If the money went to the wrong person, came in the wrong amount or didn’t arrive at all — all scenarios that have befallen taxpayers in recent weeks — the government is giving them proof of its intent.
But in classic Trump style, the letters now arriving in mailboxes across the country carry no shortage of brio, underscoring the president’s penchant for personalizing his administration’s response to the pandemic.
“My Fellow American,” begins the letter, on a copy of White House letterhead, arriving in an envelope from the Treasury Department and the IRS from Austin. “Our great country is experiencing an unprecedented public health and economic challenge as a result of the global coronavirus pandemic. Our top priority is your health and safety.”
“As we wage total war on this invisible enemy,” Trump continues, “we are also working around the clock to protect hardworking Americans like you from the consequences of the economic shutdown.”
Trump thanks a bipartisan Congress for fast-tracking $2.2 trillion in economic relief, announces the amount of the check the recipient is getting and ends by waxing eloquent about America — sliding just to the edge of his famous campaign slogan, “Make America Great Again.”
“Just as we have before, America will triumph yet again — and rise to new heights of greatness,” the president wrote.
This is the first time a president’s name is appearing on millions of paper stimulus checks, which are going out now to people for whom the IRS does not have direct-deposit information.
But previous presidents have sent letters like Trump’s. President George W. Bush included his name in letters announcing economic stimulus payments in 2001, when his administration issued tax-refund checks following a tax-cut package, and 2008, when it issued payments to head off the recession.
Both came from the IRS, addressed “Dear Taxpayer,” and displayed Bush’s name prominently, leading Democrats to cry foul that a government agency was stepping into politicking.
But the mention was brief, and those letters focused far more than Trump’s on how payments were determined. They included details and charts for taxpayers to figure out for themselves whether they were eligible to receive the money, and whether the payments were accurate.
Trump’s letter offers scant information about the stimulus payments. And its tone is rubbing some people the wrong way, particularly because many have had problems accessing the two stimulus portals online, have not received payments or got smaller checks than they are eligible for.
Some people who contacted The Washington Post about the letter complained that it smacked of politics, with its “The White House, Washington” letterhead.
“Worried that I had been selected for an audit, or some other misfortune, I quickly opened it,” Chris Helmsworth emailed from Portland, Ore. “Inside was a letter from the White House, signed with Trump’s childlike scrawl, telling me about how he was bringing the country together! I have to wonder how much personal protective equipment could have been purchased with what it cost for Trump to send out this vanity letter.”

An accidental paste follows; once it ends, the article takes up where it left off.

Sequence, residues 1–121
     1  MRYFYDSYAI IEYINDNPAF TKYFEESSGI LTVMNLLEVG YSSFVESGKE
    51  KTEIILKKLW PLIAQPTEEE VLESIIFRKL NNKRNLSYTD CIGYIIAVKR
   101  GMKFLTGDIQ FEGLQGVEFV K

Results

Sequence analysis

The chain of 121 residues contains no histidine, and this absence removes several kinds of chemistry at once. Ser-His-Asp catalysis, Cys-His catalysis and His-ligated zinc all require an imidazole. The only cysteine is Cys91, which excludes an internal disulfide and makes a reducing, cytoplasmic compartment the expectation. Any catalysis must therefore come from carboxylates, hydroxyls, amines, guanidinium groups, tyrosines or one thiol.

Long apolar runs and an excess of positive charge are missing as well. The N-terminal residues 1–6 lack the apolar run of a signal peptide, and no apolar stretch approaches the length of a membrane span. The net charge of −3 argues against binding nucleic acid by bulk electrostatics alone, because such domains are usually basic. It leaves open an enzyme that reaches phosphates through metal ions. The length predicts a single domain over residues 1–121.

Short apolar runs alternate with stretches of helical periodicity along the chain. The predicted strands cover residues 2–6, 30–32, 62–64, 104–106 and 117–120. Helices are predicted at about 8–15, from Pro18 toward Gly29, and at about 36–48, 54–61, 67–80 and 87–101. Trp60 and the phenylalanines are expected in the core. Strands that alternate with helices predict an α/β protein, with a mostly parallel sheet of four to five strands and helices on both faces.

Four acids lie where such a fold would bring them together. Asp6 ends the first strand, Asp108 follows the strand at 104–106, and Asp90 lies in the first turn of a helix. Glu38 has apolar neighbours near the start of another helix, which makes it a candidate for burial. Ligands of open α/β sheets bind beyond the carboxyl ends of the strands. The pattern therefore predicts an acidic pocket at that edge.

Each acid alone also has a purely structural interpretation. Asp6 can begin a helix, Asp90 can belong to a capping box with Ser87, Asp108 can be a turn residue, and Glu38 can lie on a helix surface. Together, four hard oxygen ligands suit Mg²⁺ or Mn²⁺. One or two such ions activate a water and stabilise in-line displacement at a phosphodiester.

A Virginia reader, who agreed to have his comments published on the condition of anonymity because he is an out-of-work contractor and doesn’t want to risk his chances of getting work again, wrote in an email, “Having worked in the political direct mail field for over four years I immediately recognized it for what it was — a campaign letter,” the reader emailed. “As I read it I got sick to my stomach. My tax dollars paid for this sham.”
A Treasury Department spokeswoman said in an email: “The letter serves as Notice of the payment, and as a message from the President during these unprecedented times.”
The letter includes a line under Trump’s signature with a toll-free number, 800-919-9835, to call for assistance. But right now, the “Economic Impact Payment” telephone line has no real person at the other end. It’s an automated system that tells callers to go to the IRS website, irs.gov, for more information. With a vastly reduced staff because of stay-at-home orders, the agency’s phone lines have been down for weeks, unable to provide a real person to hear complaints or take reports of missing or incorrect stimulus payments.
The Cares Act required the administration to mail a letter to a taxpayer’s last known address 15 days after a stimulus payment is sent. The letter is supposed to indicate the method by which a payment was made (direct deposit or check, for instance), the amount of the payment and a phone number for the “appropriate point of contact” at the IRS to report any issue.
The legislation, signed into law March 27, provides a $1,200 refundable tax credit for individuals and $2,400 for joint taxpayers. There is an additional payment of $500 for every dependent child under 17.
A Treasury official said Tuesday that 89.5 million payments have been delivered so far, most of them through direct deposit, with paper checks en route now at a rate of 5 million a week for those whose bank information the IRS doesn’t have.
Alice Crites contributed to this report.